Common sense says that our setbacks should be based on the size of our project, and on unbiased safety data. The Minnesota Department of Commerce completed a study in 2011, when the average height of an industrial wind turbine was around 400 feet. It compiled data from 15 experienced wind power nations around the world. The study found that these nations completed their own research on sound and shadow flicker from turbines, and created nationwide regulations establishing safe setbacks. In other words, they found that if the turbines are placed at safe distances, sound and shadow flicker are not an issue for residents.

The study includes data from Denmark, the nation with the highest wind energy capacity per capita, per land area and per GDP in the world. Denmark recommends setbacks of four times the height of a turbine, which would require setbacks of between 2,640-3,280 feet for Cass County. Denmark also has a policy requiring that if someone living within six times the height of a turbine loses a minimum of 1% of their property value due to proximity of a turbine, the wind developer must reimburse that person for their loss.

The Netherlands, the country that manufactures the turbines that RES uses, also recommends setbacks of four times the height of a turbine. They also require sound restrictions of 41 decibels at night and 47 during the day. Cass County currently allows 60 decibels. France has even stricter sound limits of only 25 decibels within residences near turbines. Germany requires setbacks of at least 3,280 feet and sound limits of 35 decibels at night and 45 decibels during the day.

These are entire nations, basing their setbacks on scientific studies, and with turbines half the height of what RES is proposing here. All of this data has been presented to the commissioners and the planning board, yet they have offered no evidence supporting the current wind ordinance. Recently, Fulton County’s commissioners decided that this project was not the right fit for them, after reviewing this same data and listening to their residents.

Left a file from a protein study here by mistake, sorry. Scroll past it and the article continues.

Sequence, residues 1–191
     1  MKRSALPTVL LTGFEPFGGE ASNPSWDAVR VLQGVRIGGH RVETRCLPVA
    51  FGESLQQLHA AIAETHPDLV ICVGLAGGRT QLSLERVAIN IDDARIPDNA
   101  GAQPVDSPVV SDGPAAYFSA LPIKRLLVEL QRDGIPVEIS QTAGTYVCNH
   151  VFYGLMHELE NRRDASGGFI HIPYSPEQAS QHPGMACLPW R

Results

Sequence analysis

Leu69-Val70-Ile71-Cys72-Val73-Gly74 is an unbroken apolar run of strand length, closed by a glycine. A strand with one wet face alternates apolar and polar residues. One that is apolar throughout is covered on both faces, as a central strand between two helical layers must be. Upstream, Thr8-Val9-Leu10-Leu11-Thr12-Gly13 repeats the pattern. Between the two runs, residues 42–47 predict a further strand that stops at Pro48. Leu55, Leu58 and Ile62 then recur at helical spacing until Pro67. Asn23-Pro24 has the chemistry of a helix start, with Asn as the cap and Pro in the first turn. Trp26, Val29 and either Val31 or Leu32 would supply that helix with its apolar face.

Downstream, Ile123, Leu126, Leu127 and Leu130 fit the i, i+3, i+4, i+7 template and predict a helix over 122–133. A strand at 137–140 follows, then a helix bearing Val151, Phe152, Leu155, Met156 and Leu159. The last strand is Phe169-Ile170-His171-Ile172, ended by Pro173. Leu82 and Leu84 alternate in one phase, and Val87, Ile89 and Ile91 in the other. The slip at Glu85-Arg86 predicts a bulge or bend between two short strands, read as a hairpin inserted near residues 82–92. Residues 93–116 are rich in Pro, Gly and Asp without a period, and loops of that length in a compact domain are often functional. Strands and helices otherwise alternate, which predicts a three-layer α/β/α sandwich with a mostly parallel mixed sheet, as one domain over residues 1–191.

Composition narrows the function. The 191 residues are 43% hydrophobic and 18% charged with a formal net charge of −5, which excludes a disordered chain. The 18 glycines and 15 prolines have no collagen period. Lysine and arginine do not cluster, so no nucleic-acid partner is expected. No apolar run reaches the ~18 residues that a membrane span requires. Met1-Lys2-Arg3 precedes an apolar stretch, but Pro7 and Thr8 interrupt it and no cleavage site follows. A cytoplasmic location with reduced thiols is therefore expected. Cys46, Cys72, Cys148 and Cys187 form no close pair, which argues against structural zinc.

Sailors admitted that he is “not listening to the people.” It seems that our officials may be enjoying the comfortable breeze blowing from financial promises, and turning their backs on the coming storm. The sheer size of this project should cause anyone to pause and consider more than just money. Elected officials swear an oath to protect the safety, health and welfare of all citizens. It’s time for them to make good on that promise.

Paige Woodhouse lives in Royal Center

Letter: “Wind backer: Look forward”

Tipton County Indiana (east of Kokomo, IN).

(The following was originally published in The Rochester Sentinel of Rochester, IN on Tuesday, November 28, 2017.)

Voice of the People

Wind backer: Look forward

Mr. Mulligan’s previous letter to the editor concerning the financial sustainability of wind energy is a fair one to consider. However to cite wind power’s current state in regard to its subsidies without including the rate at which fossil fuels have been subsidized for decades is unfair and excludes the reasons and history behind why such subsidies exist in the first place. The subsidies now being put into renewables rather than fossil fuels are in effort to alleviate the cost of changing our electrical system over to a more environmentally sustainable one. This is a righteous use of subsidies as we now know these dirtier forms of energy are leading to carbon dioxide levels that if continued will make the environment inhospitable to our current lifestyles. Subsidies can not only accomplish a quicker and necessary change in the energy market they also make food cheaper and healthcare more affordable. For all of these reasons we should be grateful and not so quick to condemn. The merits and wisdom of systems built on subsidies is surely worthy of discussion but as we live now they should be utilized to bring about necessary change and aid in helping in ways only a large government can do with such buying power.

If we choose not to move forward with the rest of the developed world we will lose out on the market and the jobs that come with it. We will lose our place as pioneers in the realm of innovation and technologies. More so we will be placing the uncomfortable reality of a more severe climate change upon our children. Fossil fuel prices will increase as the world moves away from them with or without us. This leaves us with expensive foreign oil bought at higher prices with a higher cost to the environment and indigenous communities, proxy wars in unstable regions in efforts to lay claim on their natural resources, and furthering moves to open up our public lands for such destructive extractions of oil, gas, and coal.

As such, I as a Fulton County native, would be proud to see a wind farm go up in our community. Knowing that we chose to move towards a better (not perfect) means of producing electricity without as many costs. It is sign that we are willing to do not only what is more environmentally responsible but that we are willing to change our own landscape in efforts to lessen the burden other communities would have to shoulder with extractions of fossil fuels. Mountain top removal and fracking come with much heavier costs than a change in scenery the windmills will bring as coal country and neighbors to fracking sites can attest. May we be such a community to welcome this little step we can contribute to such pressing issues in efforts to do our part and lessen our burden on the greater world at large.